jcarney wrote:This is an older thread, but since I live in Ayacucho, this is my two cents:
Adobe is actually one of the best materials for building if you live in the mountains. My family had a cement home and it was always really cold. When I would go in the little adobe houses built sometimes half in the mountains with a traditional stove, they were usually cozy. But as others mentioned, you have to make sure it is reinforced for earthquakes. There has been a lot of initiative to do that in rural areas lately with various methods like mesh, reinforced beams, etc., but most are not reinforced. They also don't last near as long as brick, but should do for a lifetime if they're kept up.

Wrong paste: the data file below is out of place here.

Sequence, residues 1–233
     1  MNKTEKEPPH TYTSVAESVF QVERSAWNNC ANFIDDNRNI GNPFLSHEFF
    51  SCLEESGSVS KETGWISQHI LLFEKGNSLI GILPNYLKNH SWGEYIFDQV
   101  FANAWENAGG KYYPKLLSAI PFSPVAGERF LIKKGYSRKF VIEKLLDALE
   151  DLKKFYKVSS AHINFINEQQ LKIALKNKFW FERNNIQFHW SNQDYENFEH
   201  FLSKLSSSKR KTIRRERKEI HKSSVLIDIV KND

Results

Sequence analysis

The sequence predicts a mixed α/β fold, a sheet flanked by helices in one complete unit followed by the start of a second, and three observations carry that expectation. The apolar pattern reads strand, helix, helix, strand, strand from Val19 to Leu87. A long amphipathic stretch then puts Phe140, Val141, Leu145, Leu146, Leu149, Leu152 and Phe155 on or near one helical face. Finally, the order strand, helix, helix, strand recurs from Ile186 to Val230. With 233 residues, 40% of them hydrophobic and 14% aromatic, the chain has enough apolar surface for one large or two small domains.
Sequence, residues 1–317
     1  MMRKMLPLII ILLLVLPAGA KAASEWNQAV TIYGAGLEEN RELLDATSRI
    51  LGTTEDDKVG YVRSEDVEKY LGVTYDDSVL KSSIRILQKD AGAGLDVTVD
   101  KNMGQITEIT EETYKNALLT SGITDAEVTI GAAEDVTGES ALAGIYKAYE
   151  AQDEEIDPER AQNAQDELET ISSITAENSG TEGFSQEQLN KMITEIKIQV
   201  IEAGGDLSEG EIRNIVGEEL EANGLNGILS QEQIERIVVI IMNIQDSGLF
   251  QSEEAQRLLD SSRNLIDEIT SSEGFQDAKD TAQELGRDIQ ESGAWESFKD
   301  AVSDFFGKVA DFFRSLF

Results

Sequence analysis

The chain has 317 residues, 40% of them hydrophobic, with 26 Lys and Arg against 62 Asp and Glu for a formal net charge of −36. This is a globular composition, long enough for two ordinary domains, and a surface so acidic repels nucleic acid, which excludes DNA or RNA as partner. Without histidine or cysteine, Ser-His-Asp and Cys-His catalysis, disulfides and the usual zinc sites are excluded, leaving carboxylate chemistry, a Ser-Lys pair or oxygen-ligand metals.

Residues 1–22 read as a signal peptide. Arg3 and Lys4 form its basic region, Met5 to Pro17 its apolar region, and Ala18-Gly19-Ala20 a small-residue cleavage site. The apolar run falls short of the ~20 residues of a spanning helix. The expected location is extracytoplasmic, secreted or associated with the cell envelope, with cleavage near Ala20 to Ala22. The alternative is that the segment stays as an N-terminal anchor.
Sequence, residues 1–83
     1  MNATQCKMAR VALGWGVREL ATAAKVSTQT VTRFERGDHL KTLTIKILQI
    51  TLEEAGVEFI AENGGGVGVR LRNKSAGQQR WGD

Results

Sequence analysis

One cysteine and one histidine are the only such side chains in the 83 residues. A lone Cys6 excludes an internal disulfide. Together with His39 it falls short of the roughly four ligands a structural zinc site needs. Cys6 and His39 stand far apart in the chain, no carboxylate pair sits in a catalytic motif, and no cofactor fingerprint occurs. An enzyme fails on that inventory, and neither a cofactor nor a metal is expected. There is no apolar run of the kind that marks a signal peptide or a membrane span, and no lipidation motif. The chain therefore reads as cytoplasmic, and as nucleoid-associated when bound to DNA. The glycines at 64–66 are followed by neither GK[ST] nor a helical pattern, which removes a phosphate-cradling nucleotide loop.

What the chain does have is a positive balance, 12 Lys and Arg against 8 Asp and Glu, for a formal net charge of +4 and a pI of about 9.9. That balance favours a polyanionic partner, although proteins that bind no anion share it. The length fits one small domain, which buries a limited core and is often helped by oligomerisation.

Quincha, by the way, is one of the most earthquake resistant materials for building that there is in Peru because it's so flexible. I forget which huge earthquake that happened in Lima maybe a hundred, or a hundred and fifty years ago, and destroyed the entire city except for some streets downtown where they used that traditional construction. Unfortunately, when those houses get old, they're really fragile. But again, I've seen them making modern houses with traditional quincha and modern materials and they're nice - stay cool, cheap, safe. But I think there's a stigma against traditional building materials still. It's associated without old crumbling buildings or rural, uneducated areas.
alan wrote:the quincha has really held up well over the years (more than 80)
jcarney wrote:alan wrote:the quincha has really held up well over the years (more than 80)
Interesting article about why downtown Lima has held up so well over the years. After huge earthquakes in the sixteenth and seventeenth century, the Viceroy forbid bricks or adobe on the upper stories of new houses:
https://www.iitk.ac.in/nicee/wcee/artic ... 2_3170.pdf